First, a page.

Historic Military Skills Brigade Win for Adams CCF



In a tight competition, against ten teams, Haberdashers’ Adams CCF (Army Section) won this year’s Military Skills Competition for the Brigade area – by one point! It has been some time since a CCF team has won the competition, with the honours usually going to ACF teams, so this is a real achievement. The team of ten was ably lead by Cadet Warrant Officer Will Dally, outgoing Senior Cadet in Year 13. Major Ballard provides an account of the weekend:

Day One
Reveille was at 0600 on a beautifully clear and frosty morning. After breakfast and the first briefing of the day, the team kicked off with the Observation Post stand where they were tested on effective communication as well as their ability to move stealthily into a position to study the enemy. The team “Joker” was played (doubling the team score on that stand) and it proved to be a crucial decision in the
final outcome. Subsequent stands tested practical skills, leadership, decision making, clear and effective communication, coding messages and finally first aid – in a mass casualty scenario. This scenario would have tested the vast majority of people and, for me, encapsulated the many skills we aim to develop in our young people. The team ended day one in second place; four points behind Warwickshire ACF, B Company.

Day Two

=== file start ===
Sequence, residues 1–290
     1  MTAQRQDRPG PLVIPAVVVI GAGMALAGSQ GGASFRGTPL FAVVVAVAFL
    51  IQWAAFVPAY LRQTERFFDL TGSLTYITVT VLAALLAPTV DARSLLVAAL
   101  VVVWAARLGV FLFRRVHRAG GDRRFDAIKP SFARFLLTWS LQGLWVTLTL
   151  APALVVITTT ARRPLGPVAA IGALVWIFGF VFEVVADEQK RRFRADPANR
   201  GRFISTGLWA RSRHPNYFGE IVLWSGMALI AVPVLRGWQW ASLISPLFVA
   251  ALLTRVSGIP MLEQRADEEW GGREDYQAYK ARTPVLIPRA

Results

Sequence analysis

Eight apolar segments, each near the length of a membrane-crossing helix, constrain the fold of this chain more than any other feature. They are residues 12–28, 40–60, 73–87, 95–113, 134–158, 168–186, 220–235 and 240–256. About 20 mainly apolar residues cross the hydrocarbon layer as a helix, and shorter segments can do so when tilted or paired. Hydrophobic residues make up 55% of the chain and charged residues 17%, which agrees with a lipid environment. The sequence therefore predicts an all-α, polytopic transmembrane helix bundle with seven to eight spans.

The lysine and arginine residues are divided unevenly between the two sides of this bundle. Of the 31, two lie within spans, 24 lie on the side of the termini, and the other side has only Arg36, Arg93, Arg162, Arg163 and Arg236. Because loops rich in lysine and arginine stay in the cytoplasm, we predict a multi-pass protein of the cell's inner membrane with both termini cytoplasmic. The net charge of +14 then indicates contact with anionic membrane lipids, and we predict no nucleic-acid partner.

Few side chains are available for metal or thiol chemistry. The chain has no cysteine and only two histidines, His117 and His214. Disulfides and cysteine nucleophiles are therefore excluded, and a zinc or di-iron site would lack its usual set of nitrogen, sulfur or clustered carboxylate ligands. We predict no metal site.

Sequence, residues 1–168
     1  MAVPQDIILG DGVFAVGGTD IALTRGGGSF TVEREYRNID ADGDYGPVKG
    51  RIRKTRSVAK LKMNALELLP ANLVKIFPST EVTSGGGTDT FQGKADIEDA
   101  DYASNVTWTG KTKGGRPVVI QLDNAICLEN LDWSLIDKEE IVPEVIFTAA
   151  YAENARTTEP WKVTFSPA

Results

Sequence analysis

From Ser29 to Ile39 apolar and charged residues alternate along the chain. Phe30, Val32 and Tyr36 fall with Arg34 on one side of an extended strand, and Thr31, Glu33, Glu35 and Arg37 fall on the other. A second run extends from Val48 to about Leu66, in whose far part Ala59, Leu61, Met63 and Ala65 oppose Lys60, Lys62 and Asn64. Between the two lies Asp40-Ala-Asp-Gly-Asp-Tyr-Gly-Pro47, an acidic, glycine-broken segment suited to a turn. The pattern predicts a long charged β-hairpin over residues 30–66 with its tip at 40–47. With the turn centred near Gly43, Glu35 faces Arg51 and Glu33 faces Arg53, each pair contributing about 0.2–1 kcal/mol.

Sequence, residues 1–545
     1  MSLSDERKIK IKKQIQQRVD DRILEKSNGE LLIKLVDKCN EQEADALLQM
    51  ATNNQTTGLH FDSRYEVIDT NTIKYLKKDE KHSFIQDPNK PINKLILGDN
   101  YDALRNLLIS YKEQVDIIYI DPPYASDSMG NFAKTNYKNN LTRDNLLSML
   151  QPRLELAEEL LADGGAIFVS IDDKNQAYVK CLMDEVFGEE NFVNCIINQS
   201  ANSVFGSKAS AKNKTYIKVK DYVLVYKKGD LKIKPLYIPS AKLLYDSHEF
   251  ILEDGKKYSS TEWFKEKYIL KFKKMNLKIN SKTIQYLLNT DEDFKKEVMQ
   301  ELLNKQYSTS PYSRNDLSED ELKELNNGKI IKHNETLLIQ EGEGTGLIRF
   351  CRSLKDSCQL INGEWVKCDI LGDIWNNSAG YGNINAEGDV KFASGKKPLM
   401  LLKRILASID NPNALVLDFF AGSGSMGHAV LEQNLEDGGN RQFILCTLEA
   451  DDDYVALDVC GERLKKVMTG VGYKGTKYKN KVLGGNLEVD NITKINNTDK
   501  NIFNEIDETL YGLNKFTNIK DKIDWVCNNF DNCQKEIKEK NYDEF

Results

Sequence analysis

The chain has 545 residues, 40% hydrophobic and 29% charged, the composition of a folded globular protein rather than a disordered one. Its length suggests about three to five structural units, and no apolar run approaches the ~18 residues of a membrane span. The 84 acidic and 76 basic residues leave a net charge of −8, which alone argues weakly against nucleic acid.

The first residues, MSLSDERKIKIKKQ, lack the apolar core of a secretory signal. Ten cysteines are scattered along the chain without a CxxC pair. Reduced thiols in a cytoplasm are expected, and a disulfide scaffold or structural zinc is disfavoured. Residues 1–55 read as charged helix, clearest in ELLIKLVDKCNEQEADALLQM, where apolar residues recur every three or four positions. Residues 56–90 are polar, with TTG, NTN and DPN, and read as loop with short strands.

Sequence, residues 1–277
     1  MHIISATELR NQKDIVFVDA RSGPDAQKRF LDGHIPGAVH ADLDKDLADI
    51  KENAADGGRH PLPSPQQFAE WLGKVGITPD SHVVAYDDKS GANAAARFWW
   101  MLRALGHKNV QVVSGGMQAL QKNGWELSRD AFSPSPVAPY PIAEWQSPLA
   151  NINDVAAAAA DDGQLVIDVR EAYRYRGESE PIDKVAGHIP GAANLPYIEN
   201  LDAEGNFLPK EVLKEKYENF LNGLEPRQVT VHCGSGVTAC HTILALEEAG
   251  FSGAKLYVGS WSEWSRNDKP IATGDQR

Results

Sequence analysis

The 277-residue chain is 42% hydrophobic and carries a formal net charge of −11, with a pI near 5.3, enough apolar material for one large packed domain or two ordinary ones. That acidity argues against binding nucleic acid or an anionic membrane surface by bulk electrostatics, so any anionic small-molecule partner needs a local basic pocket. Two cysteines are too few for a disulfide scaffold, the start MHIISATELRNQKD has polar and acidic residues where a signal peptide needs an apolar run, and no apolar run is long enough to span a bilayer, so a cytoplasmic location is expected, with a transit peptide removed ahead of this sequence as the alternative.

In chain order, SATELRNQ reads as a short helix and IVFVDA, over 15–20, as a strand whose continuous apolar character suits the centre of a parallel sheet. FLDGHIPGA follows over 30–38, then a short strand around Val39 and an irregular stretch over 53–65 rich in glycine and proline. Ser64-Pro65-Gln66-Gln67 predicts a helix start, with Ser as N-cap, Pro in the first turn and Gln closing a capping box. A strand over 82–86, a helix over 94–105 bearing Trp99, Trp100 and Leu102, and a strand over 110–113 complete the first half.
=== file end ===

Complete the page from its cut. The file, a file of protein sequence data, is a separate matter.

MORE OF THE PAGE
Reveille was again at 0600 and the cadets were efficient in making sure that they had fed themselves, packed, loaded the minibus and patrolled the kilometre to the morning assembly point by 0720 to be ready for the final phases of the event. First up was the loaded march, which tested memory and team discipline. Here, the aim was to not lose any valuable points from day one. The team then divided into two for the shooting element, either on the laser clay shooting or simulator for the assault rifle. “There is no question that the cadets worked very hard to make this win happen, and for most at a crucial time in their academic career. They performed admirably and maintained a positive attitude throughout. It was fantastic to listen to the aspirations, ideas and plans of the cadets. It wasn’t all about them, but also how they could develop others and get them involved in future successes and opportunities.” Major Ballard

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